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Judges protect right to boot suspected spammer

Appeals court says EarthLink can't be held liable for disconnecting a customer it believed was spamming--even though he wasn't.

A federal appeals court has ruled that EarthLink was within its rights to disconnect a customer who it incorrectly believed to be spamming.

EarthLink pulled the plug on independent film producer Peter Hall's account in August 1997 after receiving a report from UUNet, its network provider, that Hall was sending out bulk junk e-mail. Realizing its mistake about a week later, EarthLink offered a public retraction and forwarded Hall about 16 e-mail messages that had accumulated in his account during that time.

It's unclear what happened next--each side accuses the other of being unwilling to reconnect the account--but EarthLink ended up accepting e-mail messages to Hall's account and quietly storing them in a mail spool rather than bouncing them as undeliverable. Hall sued EarthLink for $2 million in July 1998, charging that the initial disconnection was unlawful, and that the missed e-mail resulted in his low-budget film, "Delinquent," becoming a flop.

The 2nd Circuit Court of Appeals ruled Tuesday that Hall's legal theories were speculative and affirmed a lower court's ruling that dismissed the case. Hall claimed that Internet service providers fall into a "public interest" category that prevents them from quickly booting customers who they honestly believed were spamming.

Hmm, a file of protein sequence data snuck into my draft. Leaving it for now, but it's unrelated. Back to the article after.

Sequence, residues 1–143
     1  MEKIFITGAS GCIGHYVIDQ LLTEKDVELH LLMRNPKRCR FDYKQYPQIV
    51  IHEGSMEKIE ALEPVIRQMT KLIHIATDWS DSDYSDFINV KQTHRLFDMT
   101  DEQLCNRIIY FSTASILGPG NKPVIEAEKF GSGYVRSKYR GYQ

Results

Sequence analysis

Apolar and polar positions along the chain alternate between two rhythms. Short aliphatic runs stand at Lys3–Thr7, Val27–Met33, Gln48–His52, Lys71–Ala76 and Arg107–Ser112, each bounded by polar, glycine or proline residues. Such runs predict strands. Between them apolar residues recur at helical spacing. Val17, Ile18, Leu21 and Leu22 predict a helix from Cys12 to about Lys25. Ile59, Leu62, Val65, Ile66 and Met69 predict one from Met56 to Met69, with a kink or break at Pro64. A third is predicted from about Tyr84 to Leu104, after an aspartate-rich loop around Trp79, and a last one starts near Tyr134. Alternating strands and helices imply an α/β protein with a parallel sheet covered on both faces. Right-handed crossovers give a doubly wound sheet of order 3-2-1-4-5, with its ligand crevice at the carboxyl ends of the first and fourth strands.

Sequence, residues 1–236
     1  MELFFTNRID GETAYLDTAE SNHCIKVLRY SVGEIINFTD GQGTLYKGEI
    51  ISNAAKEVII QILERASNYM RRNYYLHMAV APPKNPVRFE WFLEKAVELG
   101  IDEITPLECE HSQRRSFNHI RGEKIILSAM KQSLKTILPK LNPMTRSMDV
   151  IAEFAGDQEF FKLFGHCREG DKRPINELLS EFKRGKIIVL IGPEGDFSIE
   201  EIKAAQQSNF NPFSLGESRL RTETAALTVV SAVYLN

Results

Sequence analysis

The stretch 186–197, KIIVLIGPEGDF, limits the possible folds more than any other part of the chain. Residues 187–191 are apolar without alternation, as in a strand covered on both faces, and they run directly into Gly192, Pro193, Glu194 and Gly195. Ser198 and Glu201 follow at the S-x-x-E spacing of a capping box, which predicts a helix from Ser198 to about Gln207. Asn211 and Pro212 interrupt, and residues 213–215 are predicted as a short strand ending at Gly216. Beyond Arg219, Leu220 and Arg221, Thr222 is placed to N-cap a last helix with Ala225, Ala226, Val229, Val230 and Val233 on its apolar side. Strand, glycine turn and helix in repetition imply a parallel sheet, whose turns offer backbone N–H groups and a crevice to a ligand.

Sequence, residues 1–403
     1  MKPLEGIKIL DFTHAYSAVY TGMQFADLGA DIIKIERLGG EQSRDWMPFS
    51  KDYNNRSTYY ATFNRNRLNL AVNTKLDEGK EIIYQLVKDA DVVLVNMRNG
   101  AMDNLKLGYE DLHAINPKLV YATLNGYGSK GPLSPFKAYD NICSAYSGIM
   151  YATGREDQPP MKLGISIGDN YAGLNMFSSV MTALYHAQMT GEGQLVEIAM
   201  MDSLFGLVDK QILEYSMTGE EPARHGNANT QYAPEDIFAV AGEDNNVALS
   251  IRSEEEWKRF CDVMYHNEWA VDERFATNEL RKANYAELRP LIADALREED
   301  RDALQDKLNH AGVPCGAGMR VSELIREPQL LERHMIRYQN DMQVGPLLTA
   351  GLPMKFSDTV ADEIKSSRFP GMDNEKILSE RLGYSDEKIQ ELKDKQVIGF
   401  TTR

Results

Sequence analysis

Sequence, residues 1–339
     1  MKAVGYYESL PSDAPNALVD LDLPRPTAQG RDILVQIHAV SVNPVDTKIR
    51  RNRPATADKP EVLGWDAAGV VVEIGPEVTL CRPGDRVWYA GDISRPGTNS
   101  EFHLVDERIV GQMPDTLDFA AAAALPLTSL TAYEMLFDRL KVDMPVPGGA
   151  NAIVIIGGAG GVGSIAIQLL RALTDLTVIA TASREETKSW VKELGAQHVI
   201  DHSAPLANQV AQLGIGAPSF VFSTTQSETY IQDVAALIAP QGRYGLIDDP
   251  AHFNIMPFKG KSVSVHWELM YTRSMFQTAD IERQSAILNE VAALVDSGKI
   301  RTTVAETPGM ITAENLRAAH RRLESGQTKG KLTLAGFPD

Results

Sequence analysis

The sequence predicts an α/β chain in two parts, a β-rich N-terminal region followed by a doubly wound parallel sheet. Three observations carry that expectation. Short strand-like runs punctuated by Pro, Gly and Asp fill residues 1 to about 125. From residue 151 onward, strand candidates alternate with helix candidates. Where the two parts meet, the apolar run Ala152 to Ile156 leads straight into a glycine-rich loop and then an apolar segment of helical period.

"Hall's claims against EarthLink flow from the contract, and Hall has not shown that EarthLink owed him an additional duty (beyond the contract) which would justify relief," the three-judge panel concluded.

One of the more novel portions of the lawsuit, filed by Washington, D.C., lawyer Andrew Grosso, claimed that EarthLink violated federal wiretapping laws by "intentionally intercepting" his inbound e-mail.

The appeals court rejected that reasoning, saying that "EarthLink's continued reception of e-mails" didn't count as an interception because it was conducted as part of the ordinary course of business for an Internet service provider. Federal law grants any Internet or telephone provider an exception for devices or technology used "in the ordinary course of its business."

The panel upheld a December 2003 district court ruling that tossed out a battery of other charges that Hall had levied against EarthLink: breach of the implied covenant of good faith and fair dealing, prima facie tort, libel, negligent appropriation of electronic communication, intentional interference with electronic communication, and breach of contract.